Following is an outline of the chapter along with the main learning objectives. To help coordinate your studies, this outline and the learning objectives are organized to match your textbook. This organization is also utilized in the chapter review section.
Part 1: The Decline and Revival of Classical Mythology
You should be able to discuss the importance of
classical myth to continuing human concerns, providing a cultural resource between
cultures, across boundaries of politics, language, religion and time.
You should be able to discuss the loss of
popularity that mythology suffered in the early Middle Ages, as the culture was
religiously oriented toward Christianity; Virgil's popularity and influence on Christian
writers, such as Dante; and his influence as a canon in the European education tradition.
You should be able to discuss some of the
elements that Dante, in his Commedia ("Divine Comedy", especially in The
Inferno), borrowed from the works of Virgil, including the River Styx, and such creatures
as Charon, Cerebus, Minos and Virgil himself, as the Hero Ulysses' guide in the
You should be aware of the influence of Virgil's Art of Love on later writers, such as the love sonnets of Petrarch and Dante, and their influence on so many others as they also became part of the canon of the European education tradition.
Part 2: The Later Uses of Classical Mythology
You should be aware of the continuing influence
of ancient mythology on our Western culture, in terms of: psychology, sociology,
television, and company logos; in our language such as references to Cupid's arrows.
You should be aware of the widespread effect of
ancient mythology on Western arts and literature.
You should be able to discuss the influence of mythology in terms of its four primary means of transmission:
Translations and revivals of ancient plays or poems, rendering them in modern language and performing them for contemporary audiences.
The constant revisions and adaptations of the ancient myths to "update" them in terms of the changing needs and perspectives of the contemporary culture.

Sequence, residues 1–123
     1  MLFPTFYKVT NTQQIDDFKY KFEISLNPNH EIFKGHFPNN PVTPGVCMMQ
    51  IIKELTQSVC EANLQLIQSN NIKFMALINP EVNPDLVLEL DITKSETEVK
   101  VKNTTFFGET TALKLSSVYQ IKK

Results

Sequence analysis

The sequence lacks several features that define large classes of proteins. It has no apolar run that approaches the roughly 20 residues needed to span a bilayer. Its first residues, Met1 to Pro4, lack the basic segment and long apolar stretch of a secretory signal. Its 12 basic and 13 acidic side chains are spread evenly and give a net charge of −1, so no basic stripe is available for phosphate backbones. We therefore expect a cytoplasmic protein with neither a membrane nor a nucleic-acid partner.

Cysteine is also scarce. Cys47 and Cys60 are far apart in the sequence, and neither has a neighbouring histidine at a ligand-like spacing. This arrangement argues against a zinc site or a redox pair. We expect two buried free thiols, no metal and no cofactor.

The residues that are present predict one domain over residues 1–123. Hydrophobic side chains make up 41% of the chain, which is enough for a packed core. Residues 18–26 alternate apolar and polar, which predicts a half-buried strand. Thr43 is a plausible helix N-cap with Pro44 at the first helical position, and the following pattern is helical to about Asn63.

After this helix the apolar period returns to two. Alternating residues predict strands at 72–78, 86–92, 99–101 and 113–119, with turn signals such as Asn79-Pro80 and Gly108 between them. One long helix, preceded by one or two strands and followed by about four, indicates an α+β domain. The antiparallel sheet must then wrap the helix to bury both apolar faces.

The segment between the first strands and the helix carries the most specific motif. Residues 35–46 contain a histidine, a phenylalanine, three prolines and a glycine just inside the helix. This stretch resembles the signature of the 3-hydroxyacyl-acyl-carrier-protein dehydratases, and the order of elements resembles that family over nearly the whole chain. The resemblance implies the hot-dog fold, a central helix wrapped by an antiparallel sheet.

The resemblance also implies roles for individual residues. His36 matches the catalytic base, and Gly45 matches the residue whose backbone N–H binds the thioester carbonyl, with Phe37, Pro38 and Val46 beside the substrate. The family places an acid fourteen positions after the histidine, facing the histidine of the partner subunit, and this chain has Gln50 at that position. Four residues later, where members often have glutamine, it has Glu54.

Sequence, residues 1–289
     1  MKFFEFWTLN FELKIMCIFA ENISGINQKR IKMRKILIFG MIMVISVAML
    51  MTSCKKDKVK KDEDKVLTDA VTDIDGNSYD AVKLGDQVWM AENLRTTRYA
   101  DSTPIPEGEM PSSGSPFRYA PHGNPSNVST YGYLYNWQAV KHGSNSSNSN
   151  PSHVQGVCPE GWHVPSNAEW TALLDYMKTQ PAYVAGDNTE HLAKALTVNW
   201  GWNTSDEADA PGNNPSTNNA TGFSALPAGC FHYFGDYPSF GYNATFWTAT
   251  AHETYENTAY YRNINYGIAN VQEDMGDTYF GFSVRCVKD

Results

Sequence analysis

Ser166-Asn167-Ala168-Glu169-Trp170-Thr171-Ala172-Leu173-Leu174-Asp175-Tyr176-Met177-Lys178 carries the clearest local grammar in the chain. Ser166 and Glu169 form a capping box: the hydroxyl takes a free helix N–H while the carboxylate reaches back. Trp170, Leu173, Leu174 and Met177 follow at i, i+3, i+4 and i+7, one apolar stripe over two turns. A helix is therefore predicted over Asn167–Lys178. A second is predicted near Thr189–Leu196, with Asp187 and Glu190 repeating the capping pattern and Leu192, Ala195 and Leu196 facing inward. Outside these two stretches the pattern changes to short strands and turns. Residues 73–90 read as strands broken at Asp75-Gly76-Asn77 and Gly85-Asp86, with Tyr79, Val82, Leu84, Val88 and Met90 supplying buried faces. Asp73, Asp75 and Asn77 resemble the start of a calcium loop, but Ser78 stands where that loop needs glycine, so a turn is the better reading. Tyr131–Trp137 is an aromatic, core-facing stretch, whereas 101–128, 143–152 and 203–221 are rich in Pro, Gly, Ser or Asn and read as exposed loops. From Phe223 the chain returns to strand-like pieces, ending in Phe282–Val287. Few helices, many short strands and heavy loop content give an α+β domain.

Taking advantage of an audience's familiarity with mythic themes, images, creating a "double-image", simultaneously addressing modern and ancient in contrast or comparison to create a thematic counterpoint.
Using a specific mythic image as an emblem or symbol, such as for an idea an artist wants to explore, to add depth to a given human experiences or event.
Part 3: Myth and Cultural History
You should be able to discuss the cultural
resonance of myth, in terms of continuing adaptations of themes and images (often serving
as their comments on the work and its thematic content) that serve as a gauge of the
contemporary culture's concerns, such as the changing image of the Goddess Venus in its
taste, style and vision.
You should be able to discuss the significance
of the myth of Icarus, for the Greeks a lesson in moderation , but for later times an
attempt to see a higher vision; as a representative of the Renaissance Hero, or fallen
representative of human-oriented obsessions later rebuked by the Baroque perspective (of
the ineffectiveness of human endeavor).
You should be able to discuss the significance of Prometheus, for the Greeks a symbol of the trickster and/or the benefactor of mankind, as the Heroic ideal of the Romantic Age; identified with the creative spirit and rebellion against oppressive authority; adopted as a representative symbol by such figures a Napoleon; connecting the Promethean image to such Romantic Age literary creatures as Mary Shelley's Monster (Frankenstein, or the Modern Prometheus) and Milton's Satan; even turning the earlier character studies of Faust from an image based on Icarus into one expressive of the Promethean ideals.
Part 4: The Future of Myth
You should be able to discuss the continuing appeal of myth into the future as representative of human spirit, in terms of its ability to compel our attention and its capacity to address myriad concerns and convey complex meanings.
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